A Minimalist lifestyle | A sine qua non for a spiritual life

Minimalist lifestyle is compatible with meditation

There has been increasing trends of Minimalist lifestyle in various aspects of our life. There has been latest trends from minimalist home to minimalist fashion to minimalist art to minimalist art to software UI. Now the question comes what exactly is minimalism which the media is currently talking about.

Minimalism is the idea of living a life that emphasizes non-possession. Its an idea of sticking the life to the bare minimum. Its an idea of essentialism which underscores keeping and striving for what is essential in our life – keeping in mind its physical as well as mental dimension.

The origin of Minimalism

Minimalism has been the basis of Indian adhyatma including Buddhism, Jainism and Hinduism. It has been emphasized in Yoga Sutra as aparigraha as one of the Yamas. The practice of Yoga is based on the bedrock of aparigraha or non possession. The Patanjali Yoga Sutra says:

 अहिंसासत्यास्तेय ब्रह्मचर्यापरिग्रहाः यमाः ॥३०॥

Non-violence, Non-falsehood, Non-stealing, Non-cheating (celibacy, chastity), and Non-possessiveness are the five Yamas. (2.30)


The sanyas parampara of all the Eastern religion has been established on the monastic code of non possession. The rules clearly state that the monks have to give up all their possession including home, wealth and worldly relations.

In the Mahayana Buddhism, the concept of Shunyata or emptiness has been represented by minimalist ideas and by negation of all the positive attributes. The flowering of this concept has reached its pinnacle in Zen Buddhism. Zen has expanded the concept from meditation to the visual art from painting to architecture. This is where, the present trend of Minimalism has taken its inspiration. This form of art emphasizes the open spaces which induces a sense of relaxation in mind and releases the cluttering of the thought.

The minimalist layout of garden in RyoanJi in Japan

Minimalism and Spiritual Pratice

There can be no spiritual practice without the mention of minimalism. Until and unless one doesn’t come out of craving of  material possession there can be no spiritual growth.  Any spiritual practice has its basis on physical dimension. So one has to control ones senses.

For example the tongue always craves for delicious food. So the first spiritual practice is aparigraha of tongue. This is done by controlling the tongue and withdrawing slowly from its subjects which is food. Similarly the aparigraha of skin includes facing the heat and the coldness on the body with equanimity.

When one starts from the physical dimension of body and the spirit of aparigraha starts permeating in ones being. Then this aparigraha or non-possession starts to become a part of our mind psyche.

So all the spiritual practice starts from the physical dimension. This aparigraha in physical dimension is the a minimalism lifestyle.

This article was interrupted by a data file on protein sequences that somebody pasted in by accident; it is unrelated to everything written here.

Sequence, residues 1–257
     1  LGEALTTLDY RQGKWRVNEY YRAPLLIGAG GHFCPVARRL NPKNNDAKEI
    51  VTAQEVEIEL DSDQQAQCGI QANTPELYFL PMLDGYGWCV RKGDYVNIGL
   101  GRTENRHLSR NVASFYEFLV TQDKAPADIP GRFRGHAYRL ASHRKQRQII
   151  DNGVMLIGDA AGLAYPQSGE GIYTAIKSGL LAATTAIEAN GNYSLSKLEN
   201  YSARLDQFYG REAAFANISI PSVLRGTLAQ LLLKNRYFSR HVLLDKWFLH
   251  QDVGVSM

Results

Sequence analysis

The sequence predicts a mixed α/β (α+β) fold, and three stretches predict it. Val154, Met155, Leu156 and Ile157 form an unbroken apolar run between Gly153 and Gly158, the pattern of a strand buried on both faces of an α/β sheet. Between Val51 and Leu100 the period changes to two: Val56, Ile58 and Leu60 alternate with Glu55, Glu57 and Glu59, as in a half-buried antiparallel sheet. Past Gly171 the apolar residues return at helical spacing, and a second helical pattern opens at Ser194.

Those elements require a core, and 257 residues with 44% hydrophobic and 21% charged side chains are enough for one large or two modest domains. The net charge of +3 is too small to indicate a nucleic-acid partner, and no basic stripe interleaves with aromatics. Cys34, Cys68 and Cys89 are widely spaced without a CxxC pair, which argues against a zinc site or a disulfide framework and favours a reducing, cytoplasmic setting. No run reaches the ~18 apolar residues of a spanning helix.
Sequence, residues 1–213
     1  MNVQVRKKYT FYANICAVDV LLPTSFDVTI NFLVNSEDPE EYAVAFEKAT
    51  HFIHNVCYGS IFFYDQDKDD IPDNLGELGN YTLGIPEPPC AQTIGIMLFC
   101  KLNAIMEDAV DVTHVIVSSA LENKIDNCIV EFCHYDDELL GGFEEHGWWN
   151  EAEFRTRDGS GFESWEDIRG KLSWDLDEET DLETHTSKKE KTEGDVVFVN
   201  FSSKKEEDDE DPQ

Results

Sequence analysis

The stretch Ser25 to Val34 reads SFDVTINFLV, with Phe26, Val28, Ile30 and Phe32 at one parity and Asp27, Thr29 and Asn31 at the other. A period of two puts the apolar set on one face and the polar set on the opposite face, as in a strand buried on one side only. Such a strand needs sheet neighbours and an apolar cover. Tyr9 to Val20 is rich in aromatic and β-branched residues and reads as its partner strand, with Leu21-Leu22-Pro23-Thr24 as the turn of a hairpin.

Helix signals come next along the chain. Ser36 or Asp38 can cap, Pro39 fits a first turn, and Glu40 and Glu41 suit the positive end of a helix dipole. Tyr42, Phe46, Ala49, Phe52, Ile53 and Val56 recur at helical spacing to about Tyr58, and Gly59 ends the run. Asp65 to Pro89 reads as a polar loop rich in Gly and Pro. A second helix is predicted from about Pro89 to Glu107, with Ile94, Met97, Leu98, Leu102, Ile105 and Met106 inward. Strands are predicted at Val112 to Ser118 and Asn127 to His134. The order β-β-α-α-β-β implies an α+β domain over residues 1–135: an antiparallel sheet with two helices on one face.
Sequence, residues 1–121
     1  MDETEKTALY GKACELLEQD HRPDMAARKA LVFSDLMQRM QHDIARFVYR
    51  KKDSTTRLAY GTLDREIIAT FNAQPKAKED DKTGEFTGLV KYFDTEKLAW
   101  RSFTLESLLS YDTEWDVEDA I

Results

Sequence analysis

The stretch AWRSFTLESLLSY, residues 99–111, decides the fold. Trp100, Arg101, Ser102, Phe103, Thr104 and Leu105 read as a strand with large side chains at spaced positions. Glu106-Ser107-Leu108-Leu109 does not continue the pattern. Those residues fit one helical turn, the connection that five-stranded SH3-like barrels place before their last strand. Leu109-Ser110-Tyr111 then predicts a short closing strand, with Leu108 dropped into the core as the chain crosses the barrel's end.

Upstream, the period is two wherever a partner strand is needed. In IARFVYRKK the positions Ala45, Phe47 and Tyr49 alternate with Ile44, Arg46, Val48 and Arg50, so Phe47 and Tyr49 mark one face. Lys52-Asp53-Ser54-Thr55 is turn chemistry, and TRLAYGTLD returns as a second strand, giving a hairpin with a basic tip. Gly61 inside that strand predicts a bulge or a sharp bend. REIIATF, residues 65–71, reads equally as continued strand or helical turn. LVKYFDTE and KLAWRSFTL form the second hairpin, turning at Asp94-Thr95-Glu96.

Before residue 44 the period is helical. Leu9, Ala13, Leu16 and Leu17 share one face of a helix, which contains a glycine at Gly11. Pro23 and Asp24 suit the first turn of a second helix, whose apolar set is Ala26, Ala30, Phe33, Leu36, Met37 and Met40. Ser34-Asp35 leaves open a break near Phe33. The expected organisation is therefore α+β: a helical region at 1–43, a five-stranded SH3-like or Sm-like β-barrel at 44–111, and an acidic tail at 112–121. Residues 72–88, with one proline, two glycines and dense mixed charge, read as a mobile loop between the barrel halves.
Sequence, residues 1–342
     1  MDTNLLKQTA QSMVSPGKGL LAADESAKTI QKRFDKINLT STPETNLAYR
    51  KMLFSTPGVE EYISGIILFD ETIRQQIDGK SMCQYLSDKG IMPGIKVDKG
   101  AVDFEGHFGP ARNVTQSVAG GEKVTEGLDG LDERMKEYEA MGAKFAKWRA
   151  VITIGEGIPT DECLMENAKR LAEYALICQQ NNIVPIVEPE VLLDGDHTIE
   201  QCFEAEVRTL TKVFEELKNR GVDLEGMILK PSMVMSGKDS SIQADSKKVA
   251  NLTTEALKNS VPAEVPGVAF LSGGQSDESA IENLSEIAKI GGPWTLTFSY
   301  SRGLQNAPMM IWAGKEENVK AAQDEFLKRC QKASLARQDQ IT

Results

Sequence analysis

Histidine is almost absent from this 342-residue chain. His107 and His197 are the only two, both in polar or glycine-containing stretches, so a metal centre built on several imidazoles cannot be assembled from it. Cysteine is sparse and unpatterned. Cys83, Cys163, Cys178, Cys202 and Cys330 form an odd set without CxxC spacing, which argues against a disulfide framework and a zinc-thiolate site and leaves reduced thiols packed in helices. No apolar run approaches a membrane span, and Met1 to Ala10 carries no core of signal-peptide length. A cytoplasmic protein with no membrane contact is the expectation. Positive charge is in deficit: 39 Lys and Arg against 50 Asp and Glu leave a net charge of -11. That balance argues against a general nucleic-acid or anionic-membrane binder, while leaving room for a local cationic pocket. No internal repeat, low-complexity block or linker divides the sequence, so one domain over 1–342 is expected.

Minimalism and Decluttering  

The first practice is to declutter our living space. This includes:

  1. Assessment of the needs of life
  2. Making the list of things which we no longer need.
  3. Removal of things making into the list by removing the attachment to these things.

It is our decluttered living space which can bring about a sense of emptiness in our thoughts. So we must ensure that  the meditation space must be decluttered.

Minimalism, Modern World and Meditation

The modern world is the epitome of running after our material needs. Our whole ecosystem of economy is based on the unsustainable concept of year on year growth and the unending profits. The capitalist society rests on the belief of creating needs. Because if the needs come to an end there will be no new products launch and the people will become satisfied. This is thing which the modern economy hates.

That is why today we have new models of car launched every year. We have new models of mobile launched every six months so that a sense of need and feeling of missing out can be created among the people. This will coerce them psychologically to pursue the ever increasing needs. And the person gets trapped into the vicious cycle.

This has resulted in a human which is disconnected from its essence or being. The human which is disconnected from its essence soon is blown away from its roots. This is often seen in the form of various mental and physical diseases. Hence in present times we see people running towards meditation centres to relieve their sufferings. But often such meditation practice doesn’t often emphasizes minimalism.

Any true meditation must bring a sense of centeredness or santosha in life and cut short the periphery of meaningless desires.

There is a famous saying in Sanskrit

आशाया ये दासास्ते दासाः सर्वलोकस्य ।
आशा येषां दासी तेषां दासायते लोकः ॥

The people who are servant to their desires are servant to the whole world. But the people who have desires as their servant have the world as their servant.

Leave a Reply

Your email address will not be published. Required fields are marked *